US domestic

New Orleans -- almost 3 years later

July 2008

The French Quarter vibrates with sounds and smells of perpetual Spring Break. Was a film crew shooting the young men and women, drinks in hands, screaming “let’s party?” No. The celebrants were acting goofy on their own, as they routinely do in Ft. Lauderdale and Cancun.

Just inside the Hustler Club doorway, two women wearing forced smiles and a few strings, stood beside the barker, trying to lure “partying” crowd members inside. “Look at the rack on these babes,” he pointed at her uncovered milk producing organs.

I vaguely recalled such a sight as an infant.

Mississippi River adventures continued

July 2008

We (Huck and Tom – Saul and Marvin) stopped in Vicksburg, population 26,000, the site of the biggest battles of the Civil War. Imagine standing on the roof of the Cedar Grove Inn, a “preserved mansion.” One hundred fifty-five years ago, General William T. Sherman supposedly used the place to observe the River from where Union gunboats pounded the city. General Grant ordered a siege to cut off food supplies. It worked. On July 4, after a month- and a half-long battle and faced with starvation, Rebel General John Pemberton surrendered.

Huckster and Tomsky (Marvin and Saul) discover more America

June 2008

Elvis was to rock and roll what Marilyn Monroe was to Hollywood movies, a great box office star, provoking teen-agers and, with Marilyn, the world’s “sex kitten,” even “mature” men. Like Elvis, she also failed to find contentment. At age 42, in 1977, Elvis overdosed on “prescription” drugs. You can find Graceland, his 14 acre estate with old fashioned white-columned mansion, on Elvis Presley Boulevard in Memphis, Tennessee, just north of Mississippi. In 1983, this “shrine” invited the public to a post mortem view of Elvis’ life. In 2006, it became a National Historic Landmark.

Life and commercial death near the Mississippi

June 2008

In June 2008, Tom and Huck (Saul and his friend Marin) return as two senior citizens not on a raft but in a rented car, driving from New Jersey south and then west through Pennsylvania, Maryland, West Virginia, Kentucky, Indiana, and into Illinois where we see the Mississippi River near Murphysboro.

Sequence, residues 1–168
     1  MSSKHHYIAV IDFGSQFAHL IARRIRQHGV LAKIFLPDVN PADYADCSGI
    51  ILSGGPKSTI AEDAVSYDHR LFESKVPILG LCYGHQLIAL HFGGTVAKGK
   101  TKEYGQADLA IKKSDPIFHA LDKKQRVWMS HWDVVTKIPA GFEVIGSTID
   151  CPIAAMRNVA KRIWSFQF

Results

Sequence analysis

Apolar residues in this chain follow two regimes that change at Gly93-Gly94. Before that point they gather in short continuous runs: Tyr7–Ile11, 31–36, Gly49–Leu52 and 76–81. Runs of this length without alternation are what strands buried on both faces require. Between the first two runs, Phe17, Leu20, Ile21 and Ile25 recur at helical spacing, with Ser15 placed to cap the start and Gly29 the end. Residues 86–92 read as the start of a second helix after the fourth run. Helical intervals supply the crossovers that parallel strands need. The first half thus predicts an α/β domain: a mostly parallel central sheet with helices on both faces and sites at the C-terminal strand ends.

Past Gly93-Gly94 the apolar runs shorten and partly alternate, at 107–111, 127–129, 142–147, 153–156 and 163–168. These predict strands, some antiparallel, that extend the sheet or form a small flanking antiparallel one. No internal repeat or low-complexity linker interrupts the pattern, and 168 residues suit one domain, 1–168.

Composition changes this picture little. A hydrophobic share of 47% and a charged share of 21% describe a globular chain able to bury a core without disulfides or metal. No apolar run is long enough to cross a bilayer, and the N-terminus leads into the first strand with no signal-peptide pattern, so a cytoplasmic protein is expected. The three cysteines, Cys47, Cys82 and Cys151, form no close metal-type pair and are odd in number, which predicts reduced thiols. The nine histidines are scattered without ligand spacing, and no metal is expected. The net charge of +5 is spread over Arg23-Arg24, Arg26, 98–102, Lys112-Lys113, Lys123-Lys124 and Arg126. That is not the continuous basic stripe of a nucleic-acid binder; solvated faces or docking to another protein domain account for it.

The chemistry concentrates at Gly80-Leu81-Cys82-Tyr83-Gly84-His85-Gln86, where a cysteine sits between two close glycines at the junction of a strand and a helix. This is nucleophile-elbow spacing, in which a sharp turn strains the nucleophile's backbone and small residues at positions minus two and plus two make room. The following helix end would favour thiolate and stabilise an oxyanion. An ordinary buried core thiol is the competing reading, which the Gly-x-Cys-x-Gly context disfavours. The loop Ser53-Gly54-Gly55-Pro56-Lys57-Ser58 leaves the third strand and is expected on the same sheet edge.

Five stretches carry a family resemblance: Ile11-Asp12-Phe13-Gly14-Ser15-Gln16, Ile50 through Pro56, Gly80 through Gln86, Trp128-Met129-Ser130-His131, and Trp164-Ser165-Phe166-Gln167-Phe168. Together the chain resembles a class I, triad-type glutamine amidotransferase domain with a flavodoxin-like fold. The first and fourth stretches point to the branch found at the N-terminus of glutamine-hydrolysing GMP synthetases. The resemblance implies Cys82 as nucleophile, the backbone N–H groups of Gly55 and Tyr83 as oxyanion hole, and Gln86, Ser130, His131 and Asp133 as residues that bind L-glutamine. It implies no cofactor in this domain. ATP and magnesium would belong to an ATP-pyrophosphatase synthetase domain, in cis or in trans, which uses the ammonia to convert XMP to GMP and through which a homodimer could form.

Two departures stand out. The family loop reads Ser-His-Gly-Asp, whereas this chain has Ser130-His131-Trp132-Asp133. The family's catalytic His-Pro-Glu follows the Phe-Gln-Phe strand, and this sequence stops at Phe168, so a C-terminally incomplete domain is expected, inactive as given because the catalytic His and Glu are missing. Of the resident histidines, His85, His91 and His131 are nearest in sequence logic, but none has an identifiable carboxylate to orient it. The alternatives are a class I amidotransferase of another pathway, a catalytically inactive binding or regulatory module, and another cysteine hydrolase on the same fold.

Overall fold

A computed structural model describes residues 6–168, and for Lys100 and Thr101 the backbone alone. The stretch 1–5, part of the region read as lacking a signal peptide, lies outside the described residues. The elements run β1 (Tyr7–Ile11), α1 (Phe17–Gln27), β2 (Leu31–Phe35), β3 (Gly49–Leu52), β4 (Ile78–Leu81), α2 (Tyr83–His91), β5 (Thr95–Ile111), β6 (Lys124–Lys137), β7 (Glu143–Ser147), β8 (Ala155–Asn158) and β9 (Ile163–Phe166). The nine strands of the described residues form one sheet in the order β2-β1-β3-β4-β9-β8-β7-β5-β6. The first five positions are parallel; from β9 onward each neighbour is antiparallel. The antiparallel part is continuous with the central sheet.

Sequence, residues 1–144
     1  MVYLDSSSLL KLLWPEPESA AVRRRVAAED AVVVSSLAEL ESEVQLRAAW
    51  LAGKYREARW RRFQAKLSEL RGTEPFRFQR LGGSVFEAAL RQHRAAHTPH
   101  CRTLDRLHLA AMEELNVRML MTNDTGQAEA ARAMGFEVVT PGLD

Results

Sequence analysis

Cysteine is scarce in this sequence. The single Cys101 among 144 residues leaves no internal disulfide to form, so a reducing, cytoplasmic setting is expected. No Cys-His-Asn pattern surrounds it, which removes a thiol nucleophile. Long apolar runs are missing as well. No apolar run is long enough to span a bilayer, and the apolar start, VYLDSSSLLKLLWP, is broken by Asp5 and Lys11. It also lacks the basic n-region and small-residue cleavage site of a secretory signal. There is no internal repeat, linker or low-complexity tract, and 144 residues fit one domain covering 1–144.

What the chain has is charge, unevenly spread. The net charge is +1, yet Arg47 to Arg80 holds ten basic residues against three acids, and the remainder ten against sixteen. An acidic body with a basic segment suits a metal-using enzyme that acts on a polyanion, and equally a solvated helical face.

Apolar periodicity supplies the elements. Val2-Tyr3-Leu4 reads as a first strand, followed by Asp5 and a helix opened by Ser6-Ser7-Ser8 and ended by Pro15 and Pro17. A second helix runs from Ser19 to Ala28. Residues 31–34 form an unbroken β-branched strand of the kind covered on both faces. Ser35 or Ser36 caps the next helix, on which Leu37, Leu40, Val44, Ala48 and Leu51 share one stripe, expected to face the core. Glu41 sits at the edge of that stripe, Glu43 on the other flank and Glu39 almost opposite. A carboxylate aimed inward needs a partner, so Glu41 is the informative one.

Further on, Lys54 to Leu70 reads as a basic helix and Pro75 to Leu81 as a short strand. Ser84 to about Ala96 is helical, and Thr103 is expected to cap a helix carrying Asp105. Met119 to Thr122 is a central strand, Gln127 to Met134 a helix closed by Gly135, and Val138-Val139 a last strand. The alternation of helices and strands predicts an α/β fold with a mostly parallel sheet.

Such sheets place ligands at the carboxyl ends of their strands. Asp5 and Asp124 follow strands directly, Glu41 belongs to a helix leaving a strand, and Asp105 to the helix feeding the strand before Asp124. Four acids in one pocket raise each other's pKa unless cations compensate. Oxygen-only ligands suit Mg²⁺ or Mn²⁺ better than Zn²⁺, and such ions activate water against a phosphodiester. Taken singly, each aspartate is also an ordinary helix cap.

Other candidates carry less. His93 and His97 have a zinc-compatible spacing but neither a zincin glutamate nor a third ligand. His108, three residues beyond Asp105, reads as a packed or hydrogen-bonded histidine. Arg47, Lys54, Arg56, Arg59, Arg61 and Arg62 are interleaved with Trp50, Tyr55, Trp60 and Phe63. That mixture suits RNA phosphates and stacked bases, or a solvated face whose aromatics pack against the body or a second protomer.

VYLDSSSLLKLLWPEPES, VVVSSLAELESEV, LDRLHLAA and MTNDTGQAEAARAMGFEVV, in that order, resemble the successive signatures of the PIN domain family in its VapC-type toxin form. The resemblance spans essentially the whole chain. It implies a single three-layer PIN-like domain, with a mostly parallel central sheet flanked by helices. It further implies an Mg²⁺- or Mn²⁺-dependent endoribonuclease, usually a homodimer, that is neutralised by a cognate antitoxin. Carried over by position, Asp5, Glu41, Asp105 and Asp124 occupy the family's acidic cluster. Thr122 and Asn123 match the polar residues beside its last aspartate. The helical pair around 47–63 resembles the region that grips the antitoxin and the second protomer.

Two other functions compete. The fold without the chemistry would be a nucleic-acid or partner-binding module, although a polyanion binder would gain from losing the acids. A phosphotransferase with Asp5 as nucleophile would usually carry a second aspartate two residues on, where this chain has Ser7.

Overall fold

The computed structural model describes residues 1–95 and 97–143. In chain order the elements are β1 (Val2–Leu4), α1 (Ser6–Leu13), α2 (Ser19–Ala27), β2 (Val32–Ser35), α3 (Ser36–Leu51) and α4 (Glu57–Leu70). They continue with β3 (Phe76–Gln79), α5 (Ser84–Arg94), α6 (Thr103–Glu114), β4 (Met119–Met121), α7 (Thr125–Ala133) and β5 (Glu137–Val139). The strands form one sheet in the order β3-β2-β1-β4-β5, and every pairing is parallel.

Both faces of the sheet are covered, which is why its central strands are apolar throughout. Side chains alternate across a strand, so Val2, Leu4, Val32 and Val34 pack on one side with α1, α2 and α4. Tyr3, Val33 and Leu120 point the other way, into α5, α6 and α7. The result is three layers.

We had driven through the territory on which Daniel Boone had hunted bear, that Lewis and Clark had traversed two centuries before four-lane with fast food and expensive gasoline rest stops cut through it.

Ending Plutocracy: A 12-Step Program

Sarah Anderson and Sam Pizzigati
June 2008
Our forebears struggled to survive in a world dominated by the superrich. Now it's our turn.

America's first Gilded Age didn't merely end. Progressives had to fight to end it. Our forebears did battle, decade after decade, for proposals that dared to "soak the rich."

How quaint that phrase now seems. Progressives today do talk about making the superrich pay their "fair tax share"; but we no longer dare imagine an America without the superrich.

The Rich and the Rest of Us

John Cavanagh and Chuck Collins
June 2008
Politicians and their corporate backers have engineered the most colossal redistribution of wealth from the bottom up, from working people to a tiny global elite.

Lying he knew was a sin

June 2008

Betrayal by Karl Rove and Scooter Libby, Scott McClellan viewed as ultimate betrayal. Yes, Bush and Cheney had prevaricated their way into a war with Iraq, which upset him, but not to the extent of the treasonous behavior by his bosom buddies. Former Bushies, McClellan had observed, can achieve revenge and atonement by writing a book.

How we got into the mess

May 2008
The institutionalised military-industrial-scientific-congressional complex is at the root of current state of Iraq.

Bush made a sacrifice. He stopped playing golf. It was a symbol of sympathy with the troops in Iraq. He did not, however, stop playing give video golf. For Bush to forgo other pleasures might require he start another war.

How did we get into this mess, ask millions who have grown sick of un-winnable -- and seemingly endless -- wars in Iraq and Afghanistan, a sinking economy and rising deficit and debt?

Crises at home

May 2008

If you live in affluent neighborhoods you might have conditioned yourself to ignore the significant sector of U.S. society that gets in your face by showing they’re poor, suffering from disease and acute angst -- if not worse.

Sure, plenty of tree-lined, suburban streets contain apparently normal, satisfied men and women who work and take children to school. Advertisers understand that underneath the “normal” exterior, these people have anxieties.

Shape up and ship out

Anita Dancs and Miriam Pemberton.
April 2008
The US needs a new foreign policy, one that realises that the main security threats such as climate change and growing global inequality do not need a military cure.
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